Nebraska closed to within seven on an early fourth-quarter touchdown pass by Kellogg, who was making his first career start on his Senior Day.

The Hawkeyes though closed out the win with two consecutive touchdowns. Both came without Rudock under center as the first-year starter went down early in the frame with what Ferentz called a knee sprain.

C.J. Beathard led the Hawkeyes on two scoring drives that totaled a combined seven plays and 66 yards.

Weisman capped the second drive with a 2-yard touchdown run that was set up by Jordan Canzeri’s 33-yard run and another Nebraska turnover. Beathard put a punctuation mark on the win when he sprinted 4 yards to the end zone following a playaction bootleg on the final scoring drive.

The Iowa offense scored 38 points but the defense once again led the way. Aside from picking off Kellogg twice and forcing Abdullah into a late fumble, the Hawkeye defense also held Abdullah to under 100 yards for the first time in eight games. They sacked Kellogg twice and allowed just 281 total yards.

“The situation called for it, but they don’t always work,” Ferentz said of three straight blitzes that were called in the second half that helped stall a solid Nebraska drive. “It’s a crap shoot. They are trying to win, too. If you win more than you lose, blitzing is a good thing.”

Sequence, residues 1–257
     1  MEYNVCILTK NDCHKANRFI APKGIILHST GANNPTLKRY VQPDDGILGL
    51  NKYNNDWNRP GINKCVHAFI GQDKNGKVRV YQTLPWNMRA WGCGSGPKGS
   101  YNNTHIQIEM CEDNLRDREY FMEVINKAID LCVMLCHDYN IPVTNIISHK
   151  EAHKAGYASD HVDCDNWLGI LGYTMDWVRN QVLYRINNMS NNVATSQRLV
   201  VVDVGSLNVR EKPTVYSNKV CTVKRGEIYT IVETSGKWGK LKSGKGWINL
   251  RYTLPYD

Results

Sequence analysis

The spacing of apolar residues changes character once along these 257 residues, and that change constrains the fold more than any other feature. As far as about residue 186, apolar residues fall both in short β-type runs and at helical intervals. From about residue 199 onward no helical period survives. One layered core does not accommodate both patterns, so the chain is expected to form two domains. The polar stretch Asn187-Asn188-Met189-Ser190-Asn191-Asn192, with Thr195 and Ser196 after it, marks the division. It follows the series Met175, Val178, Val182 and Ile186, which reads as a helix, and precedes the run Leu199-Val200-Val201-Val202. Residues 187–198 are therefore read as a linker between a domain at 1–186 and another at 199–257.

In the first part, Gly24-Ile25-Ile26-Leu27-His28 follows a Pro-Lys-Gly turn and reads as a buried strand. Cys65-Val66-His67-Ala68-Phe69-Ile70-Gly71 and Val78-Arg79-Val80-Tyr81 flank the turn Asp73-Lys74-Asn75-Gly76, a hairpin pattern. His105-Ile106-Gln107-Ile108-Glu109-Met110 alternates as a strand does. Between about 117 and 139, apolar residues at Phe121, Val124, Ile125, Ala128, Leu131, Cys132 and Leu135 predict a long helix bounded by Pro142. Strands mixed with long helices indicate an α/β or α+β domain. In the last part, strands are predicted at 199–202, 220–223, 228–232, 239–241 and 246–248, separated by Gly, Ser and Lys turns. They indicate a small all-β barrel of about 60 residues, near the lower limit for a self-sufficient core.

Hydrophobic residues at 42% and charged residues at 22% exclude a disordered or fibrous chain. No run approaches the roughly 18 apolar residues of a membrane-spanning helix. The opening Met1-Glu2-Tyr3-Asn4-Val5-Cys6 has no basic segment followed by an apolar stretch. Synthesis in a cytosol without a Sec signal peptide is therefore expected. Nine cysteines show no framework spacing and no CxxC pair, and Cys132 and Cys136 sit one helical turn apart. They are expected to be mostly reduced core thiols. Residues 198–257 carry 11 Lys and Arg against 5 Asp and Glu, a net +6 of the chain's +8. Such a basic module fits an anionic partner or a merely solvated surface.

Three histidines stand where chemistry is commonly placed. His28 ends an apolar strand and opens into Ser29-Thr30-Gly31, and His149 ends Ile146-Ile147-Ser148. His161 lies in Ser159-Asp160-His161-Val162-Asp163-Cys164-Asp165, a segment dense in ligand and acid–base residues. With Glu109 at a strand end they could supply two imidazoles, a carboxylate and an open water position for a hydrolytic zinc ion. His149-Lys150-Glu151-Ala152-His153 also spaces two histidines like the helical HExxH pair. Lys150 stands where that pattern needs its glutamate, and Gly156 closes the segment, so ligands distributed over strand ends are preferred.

Nebraska came into the game averaging 233 rushing yards and 34 points per game but was held to just 89 and 17, respectively, by Iowa.

“We did it collectively as a team,” said defensive lineman Louis Trinca-Passat, who finished with three tackles and a fumble recovery. “Our linebackers did a heck of a job. They were making plays left and right. They got those interceptions and Hitchens got that forced fumble. We wanted to finish the season on a high note and we were able to do that today.”

Kirksey led the Iowa defense with 11 tackles, an interception, a sack, a forced fumble and three tackles for loss. Morris added 10 tackles, four tackles for loss, a sack and an interception, while Tanner Miller also had 10 tackles.


Rudock was 9-of-15 for 126 yards and two scores. Ferentz said he expects his signal caller back next week after leaving in the fourth with a knee injury. Six different receivers hauled in passes Friday, led by Fiedorowicz’s three catches for 23 yards. Martin-Manley had two catches for 60 yards. Abdullah averages more than 150 yards rushing per game but only gained 85 on 23 carries against the Hawkeyes.